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Posts Tagged ‘cancer’

On Veteran’s Day: The Failure of Quality Health Care for Our Vets

In News on November 11, 2013 at 4:12 pm

This video is tragic and thought provoking. How do you think our veterans are being treated? Watch this in-depth CNBC report. Watch and see:

Death and Dishonor: Crisis at the VA

 

 

Please share and I would be interested to hear about any experiences with the VA

31 Posts for Breast Cancer Awareness Month…For Mom Day 31

In Breast Cancer, Inspiration, Writing on October 31, 2013 at 8:57 am

Mom BW car

Many of you have read my posts this month for Breast Cancer Awareness month and I want to thank you for that. I also want to thank those of you who linked to the posts or shared them with your friends and family. There is no real way that I can offer a tribute to my Mom other than being the best person that I can be and keeping her memory alive. But this month’s posts made me feel that I was honoring her in a meaningful way. I miss my mom. Please perform your monthly breast exams, get your annual mammogram and take care of the girls. Your life is important to more people than you realize.

October 2013 Breast Cancer Awareness Posts….For My Mom

One Year With Breast Cancer… For Mom Day 1

Your Doctor is Not the Only Healer….For Mom Day 2

Yes, I am so shallow I want a hot guy to remind me to exam my breasts. For My Mom Day 3

My Mom Was So Beautiful…For Mom Day 4

If You Don’t Think Breast Cancer Awareness Works, Watch This…For Mom Day 5

Behind the Scenes with Breast Cancer….For Mom Day 6

Breast Cancer and Men…For Mom Day 7

Pink Ribbon Tattoos ….For Mom Day 8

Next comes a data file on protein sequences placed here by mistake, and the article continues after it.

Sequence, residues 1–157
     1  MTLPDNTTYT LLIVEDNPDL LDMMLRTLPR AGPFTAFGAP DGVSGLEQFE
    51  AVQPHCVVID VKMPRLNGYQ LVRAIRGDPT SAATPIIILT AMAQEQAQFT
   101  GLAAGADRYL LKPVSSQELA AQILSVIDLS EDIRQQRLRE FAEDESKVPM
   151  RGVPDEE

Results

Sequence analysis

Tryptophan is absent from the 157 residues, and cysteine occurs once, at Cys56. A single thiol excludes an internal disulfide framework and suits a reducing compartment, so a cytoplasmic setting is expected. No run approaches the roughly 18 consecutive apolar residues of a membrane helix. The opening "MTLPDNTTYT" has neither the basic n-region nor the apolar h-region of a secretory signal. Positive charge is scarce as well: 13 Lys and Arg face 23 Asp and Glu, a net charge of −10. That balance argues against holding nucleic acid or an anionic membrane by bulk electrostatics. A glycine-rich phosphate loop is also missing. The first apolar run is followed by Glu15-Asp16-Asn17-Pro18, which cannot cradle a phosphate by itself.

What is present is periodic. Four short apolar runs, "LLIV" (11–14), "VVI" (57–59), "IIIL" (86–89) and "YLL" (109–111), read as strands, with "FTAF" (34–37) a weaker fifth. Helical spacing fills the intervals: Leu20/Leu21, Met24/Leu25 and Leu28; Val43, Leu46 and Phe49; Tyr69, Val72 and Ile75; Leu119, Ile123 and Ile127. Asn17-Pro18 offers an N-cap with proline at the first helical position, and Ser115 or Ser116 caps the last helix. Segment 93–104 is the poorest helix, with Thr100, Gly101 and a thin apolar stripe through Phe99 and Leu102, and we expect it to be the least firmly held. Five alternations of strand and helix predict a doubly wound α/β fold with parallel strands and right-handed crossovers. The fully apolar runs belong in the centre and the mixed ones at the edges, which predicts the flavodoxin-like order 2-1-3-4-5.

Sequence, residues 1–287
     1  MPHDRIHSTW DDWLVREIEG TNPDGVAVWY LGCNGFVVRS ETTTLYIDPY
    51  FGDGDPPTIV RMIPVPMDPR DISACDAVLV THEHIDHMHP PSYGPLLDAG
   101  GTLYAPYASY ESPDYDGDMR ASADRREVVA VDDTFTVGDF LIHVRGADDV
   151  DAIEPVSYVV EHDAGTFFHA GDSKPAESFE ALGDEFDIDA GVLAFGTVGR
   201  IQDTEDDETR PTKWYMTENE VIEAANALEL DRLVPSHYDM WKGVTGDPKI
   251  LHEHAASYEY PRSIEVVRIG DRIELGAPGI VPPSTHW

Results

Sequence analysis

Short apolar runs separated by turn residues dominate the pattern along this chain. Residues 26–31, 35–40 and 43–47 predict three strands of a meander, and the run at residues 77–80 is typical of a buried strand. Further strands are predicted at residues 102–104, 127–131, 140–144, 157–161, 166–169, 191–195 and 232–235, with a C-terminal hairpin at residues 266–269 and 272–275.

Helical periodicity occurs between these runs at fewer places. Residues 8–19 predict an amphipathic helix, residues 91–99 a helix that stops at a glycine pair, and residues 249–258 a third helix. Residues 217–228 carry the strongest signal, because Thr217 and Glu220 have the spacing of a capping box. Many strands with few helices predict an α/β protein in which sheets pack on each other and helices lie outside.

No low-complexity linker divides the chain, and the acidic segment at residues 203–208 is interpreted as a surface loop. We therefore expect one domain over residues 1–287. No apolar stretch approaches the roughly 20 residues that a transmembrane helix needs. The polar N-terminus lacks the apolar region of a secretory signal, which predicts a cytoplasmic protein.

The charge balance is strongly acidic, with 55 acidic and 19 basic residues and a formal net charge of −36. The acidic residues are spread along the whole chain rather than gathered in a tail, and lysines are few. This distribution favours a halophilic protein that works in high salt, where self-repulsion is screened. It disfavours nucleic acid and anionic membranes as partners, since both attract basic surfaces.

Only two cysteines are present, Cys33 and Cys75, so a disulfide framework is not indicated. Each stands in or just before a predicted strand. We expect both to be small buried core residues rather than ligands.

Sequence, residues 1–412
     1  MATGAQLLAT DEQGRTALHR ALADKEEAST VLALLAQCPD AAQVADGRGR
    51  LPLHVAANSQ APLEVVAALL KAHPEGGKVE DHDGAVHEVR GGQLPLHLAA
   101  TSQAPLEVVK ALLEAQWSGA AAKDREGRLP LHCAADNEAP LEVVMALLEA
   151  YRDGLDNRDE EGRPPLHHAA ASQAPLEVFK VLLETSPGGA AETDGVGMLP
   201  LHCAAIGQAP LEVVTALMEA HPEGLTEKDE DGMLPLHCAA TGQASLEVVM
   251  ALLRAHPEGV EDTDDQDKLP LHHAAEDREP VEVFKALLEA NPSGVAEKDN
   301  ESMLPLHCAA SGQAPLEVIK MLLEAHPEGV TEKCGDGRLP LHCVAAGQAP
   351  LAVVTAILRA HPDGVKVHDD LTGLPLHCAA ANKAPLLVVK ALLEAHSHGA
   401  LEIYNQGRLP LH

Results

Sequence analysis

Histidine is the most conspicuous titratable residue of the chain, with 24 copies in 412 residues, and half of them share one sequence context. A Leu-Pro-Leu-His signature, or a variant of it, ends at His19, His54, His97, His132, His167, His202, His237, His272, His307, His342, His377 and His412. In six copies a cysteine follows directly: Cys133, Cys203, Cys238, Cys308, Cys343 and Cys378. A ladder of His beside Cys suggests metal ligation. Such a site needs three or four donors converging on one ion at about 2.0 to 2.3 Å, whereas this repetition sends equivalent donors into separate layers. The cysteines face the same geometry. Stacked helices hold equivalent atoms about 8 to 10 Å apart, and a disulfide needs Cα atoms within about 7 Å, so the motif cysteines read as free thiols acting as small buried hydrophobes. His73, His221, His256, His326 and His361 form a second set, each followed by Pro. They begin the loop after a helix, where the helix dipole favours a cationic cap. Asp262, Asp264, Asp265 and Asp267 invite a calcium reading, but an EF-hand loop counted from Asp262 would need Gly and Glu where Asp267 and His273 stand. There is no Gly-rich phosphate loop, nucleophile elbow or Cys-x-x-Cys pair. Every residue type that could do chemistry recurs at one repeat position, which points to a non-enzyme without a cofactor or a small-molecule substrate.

Cate Edwards: My Mom’s Bravery….For My Mom Day 9

Not All Men Are Supportive…For Mom Day 10

Music to Soothe the Soul…For Mom Day 11

Breast Cancer: Just Beat It…For Mom Day 12

Racing For Boobies….For Mom Day 13

11 Inspirational Breast Cancer Quotes…For Mom Day 14

I Think You Are Wonderful. And I’m Not the Only One…For Mom Day 15

Art and the Fight Against Breast Cancer…For Mom Day 16

Worldwide Faces of Breast Cancer….For Mom Day 17

A Mom, Breast Cancer and Cupcakes…For My Mom Day 18

Why Is It That Sometimes When We Face Death That Is When We Start To Live?…For Mom Day 19

The Battle We Didn’t Choose: Photograph of his Wife’s Journey…For mom Day 20

Are You There, Twitter? Judy Blume Shares Breast Cancer Diagnosis…For Mom Day 21

This Is My Good Side…Scar and All: Body image After Breast Cancer….For Mom Day 22

Men Get Breast Cancer Too, Just Ask Harvey Singer…For Mom Day 23

You don’t have to fear breast cancer….For Mom Day 24

Mamming: Will This Become an Olympic Sport?…For Mom Day 25

A Meal Can Make a Difference: Meal Train…For Mom Day 26

Moving Beyond Breast Cancer….For Mom Day 27 

Just the Facts…For Mom Day 28

When Pink Is Just a Color Again…For Mom Day 29

HOPE – Breast Cancer Song – Written & Performed by 12yr old Capri Roberto Anderson….For Mom Day 30

In Memory of My Mom, Ann Brooks.

HOPE – Breast Cancer Song – Written & Performed by 12yr old Capri Roberto Anderson….For Mom Day 30

In Breast Cancer on October 30, 2013 at 8:14 am

For My Mom, Ann Brooks

Mom BW car

When Pink Is Just a Color Again…For Mom Day 29

In Breast Cancer on October 29, 2013 at 7:53 am

 

I am hoping one day pink is just a color again. Take back pink, support breast cancer research.

 

In Memory of My Mom, Ann Brooks

Mom Bo's wedding

Just the Facts…For Mom Day 28

In Breast Cancer on October 28, 2013 at 7:40 am

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In Memory of My Mom. Ann Brooks

Mom laughing

A Beautiful Love Story: NPR, StoryCorps, Danny and Annie

In Inspiration, Random on October 27, 2013 at 8:51 am

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‘Never Say Goodbye’: A Love And Life Kept Vivid

by NPR STAFF

October 25, 2013 3:28 AM

Annie Perasa on a recent visit to StoryCorps.

StoryCorps

When we first met Danny and Annie Perasa in 2004, we heard about how their first date unfolded into an on-the-spot marriage proposal. We got a sense of Danny’s big personality and his deep love for his wife. And we heard about his daily love notes to her.

To my princess, the weather out today is extremely rainy, I’ll call you at 11:20 in the morningAnd I love you, I love you, I love you.

“If I don’t have a note on the kitchen table, I think there’s something wrong,” Annie told StoryCorps then. “You write a love letter to me every morning.”